The time had come for me to shed the last grain of virtue, the last drop of sanctity in my blood. Now I was aware of the reality, of the truth. Now I knew what I wanted. Now there was no room for illusions. A successful prostitute was better than a misled saint. All women are victims of deception. Men impose deception on women and punish them for being deceived, force them down to the lowest level and punish them for falling so low, bind them in marriage and then chastise them with menial service for life, or insults, or blows.

Now I realized that the least deluded of all women was the prostitute. That marriage was the system built in the most cruel suffering for women.”

If you have never read “Woman At Point Zero”, do yourself a great favour and read it! Perhaps I might even post a personal review of it soon 🙂

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Should movies be faithful to the book?

This guy is actually cool

Dave Farmer

never_judge_a_book_by_its_movie

Unless you’ve been living in a dark cave on Mars for the last few months you’ll probably have heard/seen all the hullabaloo about the big screen summer blockbuster World War Z. Before you read any further I’ll state right now this is not going to be one of those posts where I drone on and on about how the movie was nothing like the book, how the director and movie making people raped a very good story and created junk, and how much I detest that sort of stuff.

To quote Icona Pop: “I don’t care! I love it!”

I read Max Brooks World War Z over 5 years ago and loved it. And when rumours started circling about a movie version I began to drool like a zombie.

I love zombies.

I suspected the movie probably wouldn’t be much like the book because it wouldn’t make for an edge…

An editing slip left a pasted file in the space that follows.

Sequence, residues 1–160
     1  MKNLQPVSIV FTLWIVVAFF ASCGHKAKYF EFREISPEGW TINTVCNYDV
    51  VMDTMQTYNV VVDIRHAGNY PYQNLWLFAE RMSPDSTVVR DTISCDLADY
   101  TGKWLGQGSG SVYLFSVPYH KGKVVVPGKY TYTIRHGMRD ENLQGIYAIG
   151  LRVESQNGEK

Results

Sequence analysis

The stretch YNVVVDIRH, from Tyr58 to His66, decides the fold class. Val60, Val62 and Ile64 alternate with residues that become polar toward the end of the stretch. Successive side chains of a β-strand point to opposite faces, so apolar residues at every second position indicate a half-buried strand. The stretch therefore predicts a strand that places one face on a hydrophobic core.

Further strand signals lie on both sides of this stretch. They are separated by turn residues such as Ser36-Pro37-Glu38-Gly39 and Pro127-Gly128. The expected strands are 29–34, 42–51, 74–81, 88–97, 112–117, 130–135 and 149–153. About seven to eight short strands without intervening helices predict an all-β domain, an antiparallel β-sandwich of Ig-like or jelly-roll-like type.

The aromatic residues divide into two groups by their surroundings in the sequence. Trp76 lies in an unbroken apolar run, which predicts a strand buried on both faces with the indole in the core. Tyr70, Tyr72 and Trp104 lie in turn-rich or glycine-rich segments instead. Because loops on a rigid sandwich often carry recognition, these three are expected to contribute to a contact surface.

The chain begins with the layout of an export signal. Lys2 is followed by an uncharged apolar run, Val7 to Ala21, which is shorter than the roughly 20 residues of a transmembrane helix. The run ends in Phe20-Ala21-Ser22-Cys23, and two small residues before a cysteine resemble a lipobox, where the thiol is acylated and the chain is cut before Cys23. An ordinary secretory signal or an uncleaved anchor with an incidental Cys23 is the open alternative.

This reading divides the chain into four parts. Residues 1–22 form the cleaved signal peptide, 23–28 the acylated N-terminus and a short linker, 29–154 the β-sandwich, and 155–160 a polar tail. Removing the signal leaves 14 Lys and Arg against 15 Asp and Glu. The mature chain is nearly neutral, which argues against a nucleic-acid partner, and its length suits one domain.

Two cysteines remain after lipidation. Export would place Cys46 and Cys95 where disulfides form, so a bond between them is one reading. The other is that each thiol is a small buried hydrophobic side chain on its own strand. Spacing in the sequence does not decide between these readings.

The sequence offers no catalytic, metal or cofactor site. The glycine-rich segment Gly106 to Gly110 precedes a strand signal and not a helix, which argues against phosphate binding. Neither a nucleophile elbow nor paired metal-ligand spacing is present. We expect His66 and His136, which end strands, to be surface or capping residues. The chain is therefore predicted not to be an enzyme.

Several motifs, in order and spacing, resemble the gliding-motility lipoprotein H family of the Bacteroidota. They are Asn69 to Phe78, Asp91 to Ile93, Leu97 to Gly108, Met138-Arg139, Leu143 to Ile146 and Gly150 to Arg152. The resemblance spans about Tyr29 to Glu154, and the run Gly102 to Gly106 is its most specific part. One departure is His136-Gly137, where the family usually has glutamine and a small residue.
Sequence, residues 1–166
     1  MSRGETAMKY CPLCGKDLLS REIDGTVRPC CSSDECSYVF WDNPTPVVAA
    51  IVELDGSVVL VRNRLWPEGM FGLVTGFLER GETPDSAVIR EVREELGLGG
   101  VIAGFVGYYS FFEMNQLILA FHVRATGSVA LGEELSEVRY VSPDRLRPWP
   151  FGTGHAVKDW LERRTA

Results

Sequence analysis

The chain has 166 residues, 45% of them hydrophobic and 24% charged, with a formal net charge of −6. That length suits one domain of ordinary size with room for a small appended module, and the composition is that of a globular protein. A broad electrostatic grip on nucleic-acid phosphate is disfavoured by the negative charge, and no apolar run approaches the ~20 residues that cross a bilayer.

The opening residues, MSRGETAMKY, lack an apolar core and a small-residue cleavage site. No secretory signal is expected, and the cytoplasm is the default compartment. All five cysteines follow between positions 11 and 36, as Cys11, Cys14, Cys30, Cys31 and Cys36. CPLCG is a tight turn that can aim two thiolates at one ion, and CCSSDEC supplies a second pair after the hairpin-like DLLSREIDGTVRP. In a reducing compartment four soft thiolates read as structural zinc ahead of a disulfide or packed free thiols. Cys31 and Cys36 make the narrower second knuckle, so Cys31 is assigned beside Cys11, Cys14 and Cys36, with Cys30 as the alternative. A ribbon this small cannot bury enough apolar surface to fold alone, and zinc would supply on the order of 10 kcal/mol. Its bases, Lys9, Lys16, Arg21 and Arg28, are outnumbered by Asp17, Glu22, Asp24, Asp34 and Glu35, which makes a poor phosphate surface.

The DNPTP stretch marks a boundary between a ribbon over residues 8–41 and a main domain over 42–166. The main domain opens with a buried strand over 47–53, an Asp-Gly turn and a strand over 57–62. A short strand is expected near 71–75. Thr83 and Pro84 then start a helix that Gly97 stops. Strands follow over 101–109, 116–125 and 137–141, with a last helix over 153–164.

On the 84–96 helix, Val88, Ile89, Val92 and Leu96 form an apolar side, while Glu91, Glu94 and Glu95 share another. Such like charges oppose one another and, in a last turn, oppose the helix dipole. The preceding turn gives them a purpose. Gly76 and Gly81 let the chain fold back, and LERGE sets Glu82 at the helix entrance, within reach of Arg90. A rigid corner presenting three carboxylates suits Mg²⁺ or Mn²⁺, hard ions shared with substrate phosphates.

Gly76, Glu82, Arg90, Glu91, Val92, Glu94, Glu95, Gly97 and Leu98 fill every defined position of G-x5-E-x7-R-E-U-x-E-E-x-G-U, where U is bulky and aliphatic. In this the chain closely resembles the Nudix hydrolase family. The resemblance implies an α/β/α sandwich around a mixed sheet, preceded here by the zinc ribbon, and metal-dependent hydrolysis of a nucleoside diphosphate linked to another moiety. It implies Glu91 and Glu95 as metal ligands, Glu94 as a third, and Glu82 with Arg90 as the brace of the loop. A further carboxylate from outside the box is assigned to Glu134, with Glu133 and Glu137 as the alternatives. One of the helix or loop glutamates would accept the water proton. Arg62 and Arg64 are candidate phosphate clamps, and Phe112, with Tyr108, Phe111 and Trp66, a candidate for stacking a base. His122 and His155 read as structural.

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Posted in Books

Why you should read Freakonomics

freakonomics_main

For some this is a useless post. You are one of millions who understand and you can stop reading now. To the rest of you especially my partner in crime these are the reasons why you want to read this book without telling your what’s in the book:

You will think about the decisions you make differently

Freakonimcs is about economics which is the is mainly about humans and why we do what we do. You will realise that many people no matter how educated how smart or how different they are make really interesting, puzzling, amoral and rather stupid decisions. These are not people from another country or people who look different. They look, act and come from the same places you do. They are your friends, your family,  they are you.

You will change the way you argue

One thing about people who read a lot. Is that they think they are always right. There are always urban myths and common misconceptions about how people act that creep into even the most well read people and this book reminds us of that. So the next time you are going into one of these heated debates with someone obviously less intellectual than yourself (obviously) just remember we didn’t always know the world was round.

Others are

It is a terrible reason I know. Peer pressure is the last reason my one should do anything but with 200k likes on Facebook, half a million followers on Twitter and more than 5 million copies sold world-wide how can one not be curious. I like others tend to think the crowd is wrong but it is edging in to mainstream media and conversation for example when Patrick Jane asks a member of Avon Park Playboys season two of The Mentalist  is it true that all drug dealers live with their mothers . If you going to disagree with everyone at least know what you are disagreeing with and the worst that can happen is you know what everyone is talking about.